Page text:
“Successful in producing the desired or intended result”
When I was a tutor with YMCA, one of the key elements for passing your NVQ Fitness Course was to be “safe and effective” – safe, obviously as you are teaching others, but not so safe that it is not effective.
Being effective means wasting as little time as possible - this is very appealing, because let’s face facts, time is a precious commodity, and we need to use it wisely! “Time” is the most common reason I hear for not going to exercise - and I hear you! There are many things that I want to fit into my life, and I know how frustrating that can be at times – so finding, and understanding the best way to do what you want or need to do, in the quickest time possible sound good to me.
Here are my “how to be effective” tips:
1. Each muscle is laid out in a specific pattern, and in order to work it effectively, you need to make sure that you are lining it up correctly. That means taking a moment to correct posture before executing the movement. By doing this you will be working the muscle efficiently – let me give you an example: - Sit ups:- great exercise for many reasons, but the muscle you want to work is attached to your rib cage and pelvis – therefore you need to move in a linear direction from the ribs to the hips. Pulling on your neck does not help – the muscle is not connected there – and whilst it might make performing a “sit-up” a bit easier, it does not train the muscle effectively. Aim to make smaller range of movement, but more specific to the area.
2. The brain and the body work together – try to find your focus so that you can concentrate on the task at hand. Take a deep breath, give yourself a positive pep-talk, and then perform the exercise – and be more efficient to do this when correcting posture. The ability to focus means that there is no time wasted in getting started, and when you do exercise, every single movement counts. Try it – time actually goes more quickly, and the task will feel easier.
3. You are what you train – if you want to get faster, then you need to exercise in a more rapid manner, if you want to get strong, then you need the effort in the determination to overcome lifting heavy. If you want to be flexible, then stretch – all straightforward, but if you want to be “fitter” – then be more effective by finding out what is your least fit area and start with that – that way your body will become more efficient. Sometimes we need to improve transportation of oxygen around the body to the muscles before anything else – moving regularly is a super easy way of ensuring that your body works effectively when you then go to your training session.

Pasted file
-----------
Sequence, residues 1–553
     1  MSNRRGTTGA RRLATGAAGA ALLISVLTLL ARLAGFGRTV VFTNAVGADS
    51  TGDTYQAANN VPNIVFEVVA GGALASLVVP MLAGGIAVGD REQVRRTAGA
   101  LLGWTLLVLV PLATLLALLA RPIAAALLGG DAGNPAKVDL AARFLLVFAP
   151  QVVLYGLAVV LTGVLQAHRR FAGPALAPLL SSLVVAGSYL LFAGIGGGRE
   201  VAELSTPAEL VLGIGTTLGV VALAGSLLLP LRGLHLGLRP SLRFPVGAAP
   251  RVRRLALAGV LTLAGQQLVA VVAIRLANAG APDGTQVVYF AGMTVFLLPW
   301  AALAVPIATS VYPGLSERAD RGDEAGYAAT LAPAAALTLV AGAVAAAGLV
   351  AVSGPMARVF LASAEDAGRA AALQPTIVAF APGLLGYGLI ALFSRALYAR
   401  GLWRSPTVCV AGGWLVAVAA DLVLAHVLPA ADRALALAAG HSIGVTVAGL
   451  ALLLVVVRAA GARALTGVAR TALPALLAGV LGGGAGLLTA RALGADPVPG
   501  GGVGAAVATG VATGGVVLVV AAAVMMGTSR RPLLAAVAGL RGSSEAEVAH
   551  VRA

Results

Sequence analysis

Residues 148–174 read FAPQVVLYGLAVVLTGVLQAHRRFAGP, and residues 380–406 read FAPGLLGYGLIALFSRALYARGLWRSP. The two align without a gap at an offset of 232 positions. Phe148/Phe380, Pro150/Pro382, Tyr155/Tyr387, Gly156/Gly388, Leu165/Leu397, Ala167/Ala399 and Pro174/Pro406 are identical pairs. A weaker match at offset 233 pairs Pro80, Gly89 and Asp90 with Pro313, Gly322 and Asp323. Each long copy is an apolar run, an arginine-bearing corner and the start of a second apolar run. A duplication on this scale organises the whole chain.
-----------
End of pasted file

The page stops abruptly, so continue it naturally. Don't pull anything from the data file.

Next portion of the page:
4. Your brain plays a huge part in being effective and efficient – it governs your mood, motivation, rest etc – so look after it. Think about how stress can affect you, think about ways to reduce stress through relaxation, walks outside, eating well and talking with friends. Clear your head to clear the way to effectiveness. When we are bothered by work/life stress our body understands that the brain needs to come first and sort things out, so working on reducing the stress can lead to better improvements in fitness, better rest, and recovery, less prone to accidents or injury, better immune system – it is key to being effective x
5. Repetition – all things become easier when we have a pattern to work with. Don’t quit on number 12 or 15 reps – you have to finish. Shout at yourself to do it (and try to remember the “safe” bit too) . Unless you are training for strength with heavy weights, 15 is a good number to start with, or keep in your head – e.g., 15 squats, 15 sit-ups, 15 lunges, 15 seconds plank, 15 seconds hold in the stretch. Yes, you need to work more for bigger muscles – so maybe add in sets, so 5 x 15 reps for the squats etc. In the long run, you will save time by doing an effective number of reps for your exercise that optimise fitness.
At the end of the day, fitness can be considered an art and a science – so enjoy being creative, but also precise x